Doctors without degrees
Can practise Indian systems of medicine in Kerala
a decision of the Kerala government to register practitioners of Indian systems of medicine even if they do not have
academic qualification has sparked protests across the state. The order issued in June specified just one eligibility criterion--age. The
practitioners in north Kerala should be at least 42 years old while those in central and south Kerala should be 21 years old with minimum five
years experience. An estimated 50,000 persons will get recognition through this order.
Ayurveda, yunani, siddha and homeopathy (ayush) doctors dubbed the order "a licence for quacks". "With this
order, anyone in Kerala can start treating anyone for any ailment," said V G Udayakumar, of the Kerala chapter of Ayurveda Medical Association.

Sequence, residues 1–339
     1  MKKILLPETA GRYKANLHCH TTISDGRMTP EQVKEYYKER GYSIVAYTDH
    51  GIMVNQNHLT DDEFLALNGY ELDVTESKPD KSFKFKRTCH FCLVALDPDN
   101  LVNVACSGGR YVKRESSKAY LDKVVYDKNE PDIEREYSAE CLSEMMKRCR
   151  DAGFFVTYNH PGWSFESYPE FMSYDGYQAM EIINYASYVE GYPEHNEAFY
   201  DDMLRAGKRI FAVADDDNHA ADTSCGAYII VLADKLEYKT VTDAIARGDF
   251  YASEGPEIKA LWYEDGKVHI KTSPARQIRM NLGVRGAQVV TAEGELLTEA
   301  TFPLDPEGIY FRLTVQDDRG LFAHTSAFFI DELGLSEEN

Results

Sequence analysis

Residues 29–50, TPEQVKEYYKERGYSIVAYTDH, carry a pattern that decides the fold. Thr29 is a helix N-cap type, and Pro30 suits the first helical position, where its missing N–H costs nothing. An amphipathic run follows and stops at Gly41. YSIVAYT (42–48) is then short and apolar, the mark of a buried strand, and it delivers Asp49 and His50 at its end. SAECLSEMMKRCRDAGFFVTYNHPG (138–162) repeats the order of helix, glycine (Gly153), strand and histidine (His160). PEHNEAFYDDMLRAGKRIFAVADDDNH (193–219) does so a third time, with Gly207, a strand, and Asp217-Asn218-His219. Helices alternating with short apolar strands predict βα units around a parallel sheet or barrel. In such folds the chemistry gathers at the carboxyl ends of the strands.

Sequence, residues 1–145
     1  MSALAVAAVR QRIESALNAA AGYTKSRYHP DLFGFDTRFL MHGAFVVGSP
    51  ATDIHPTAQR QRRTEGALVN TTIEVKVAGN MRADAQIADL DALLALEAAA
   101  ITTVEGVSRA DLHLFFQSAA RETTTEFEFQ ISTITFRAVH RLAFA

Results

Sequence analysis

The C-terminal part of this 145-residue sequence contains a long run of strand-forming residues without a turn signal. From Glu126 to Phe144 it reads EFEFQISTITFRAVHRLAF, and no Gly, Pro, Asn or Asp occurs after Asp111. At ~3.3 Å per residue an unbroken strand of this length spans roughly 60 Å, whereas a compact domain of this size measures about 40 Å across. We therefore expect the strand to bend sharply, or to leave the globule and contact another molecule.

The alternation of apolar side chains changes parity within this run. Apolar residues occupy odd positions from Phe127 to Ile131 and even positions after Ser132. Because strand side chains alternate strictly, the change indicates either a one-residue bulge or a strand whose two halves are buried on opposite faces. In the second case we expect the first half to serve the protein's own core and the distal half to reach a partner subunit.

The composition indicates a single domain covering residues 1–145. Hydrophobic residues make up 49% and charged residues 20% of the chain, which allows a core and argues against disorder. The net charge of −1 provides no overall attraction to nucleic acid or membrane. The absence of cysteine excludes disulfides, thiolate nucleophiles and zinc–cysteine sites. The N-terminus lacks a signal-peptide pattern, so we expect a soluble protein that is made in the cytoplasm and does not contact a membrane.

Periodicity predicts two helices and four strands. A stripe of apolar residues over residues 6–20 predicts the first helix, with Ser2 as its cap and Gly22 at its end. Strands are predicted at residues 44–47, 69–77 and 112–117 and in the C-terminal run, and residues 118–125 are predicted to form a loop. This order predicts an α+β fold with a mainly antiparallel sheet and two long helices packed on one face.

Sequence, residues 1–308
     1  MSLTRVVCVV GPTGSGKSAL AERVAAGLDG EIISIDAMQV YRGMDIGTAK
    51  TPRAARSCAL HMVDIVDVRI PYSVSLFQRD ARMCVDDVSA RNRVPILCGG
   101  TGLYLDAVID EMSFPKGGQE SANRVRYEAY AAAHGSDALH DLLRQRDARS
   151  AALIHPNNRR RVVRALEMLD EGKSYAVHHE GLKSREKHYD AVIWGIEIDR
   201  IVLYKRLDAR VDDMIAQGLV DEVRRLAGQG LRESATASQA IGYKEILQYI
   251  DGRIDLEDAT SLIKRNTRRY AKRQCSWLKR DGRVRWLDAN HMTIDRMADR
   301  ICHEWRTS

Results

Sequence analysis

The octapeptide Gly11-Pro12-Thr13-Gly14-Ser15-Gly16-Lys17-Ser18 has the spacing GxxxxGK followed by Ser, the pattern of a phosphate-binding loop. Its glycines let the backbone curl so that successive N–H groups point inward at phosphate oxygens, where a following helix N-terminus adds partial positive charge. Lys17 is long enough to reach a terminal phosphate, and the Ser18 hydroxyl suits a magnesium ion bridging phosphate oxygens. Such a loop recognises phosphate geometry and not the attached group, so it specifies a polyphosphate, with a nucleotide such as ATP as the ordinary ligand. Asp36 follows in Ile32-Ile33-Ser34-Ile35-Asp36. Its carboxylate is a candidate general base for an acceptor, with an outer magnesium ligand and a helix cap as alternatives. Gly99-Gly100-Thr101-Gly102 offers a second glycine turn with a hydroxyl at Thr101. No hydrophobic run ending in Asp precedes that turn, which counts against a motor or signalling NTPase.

The Central Council of Indian Medicine, the statutory body that governs practice of traditional systems of medicine in India, has asked the Kerala
government to immediately withdraw the order saying it violates the Indian Medicine Central Council (imcc) Act,
1970.The Kerala Traditional Medical Practitioners Federation, however, support the order. "The agitation against the order is backed by
pharma companies," alleged Shaji Vaidyan, general secretary of the federation. "We make our own medicines while the qualified practitioners
depend on pharmaceutical companies," he said.
ayush doctors said the government is not tackling the real problem--the absence of a unified law. The
Travancore-Kochi Medical Practiti-oners Bill, 1953, says only qualified ayurveda doctors can practise. But this law is applicable only to south
and central Kerala districts, not Malabar. The imcc Act mandates educational qualification but says existing local
laws, if any, will prevail over central law.
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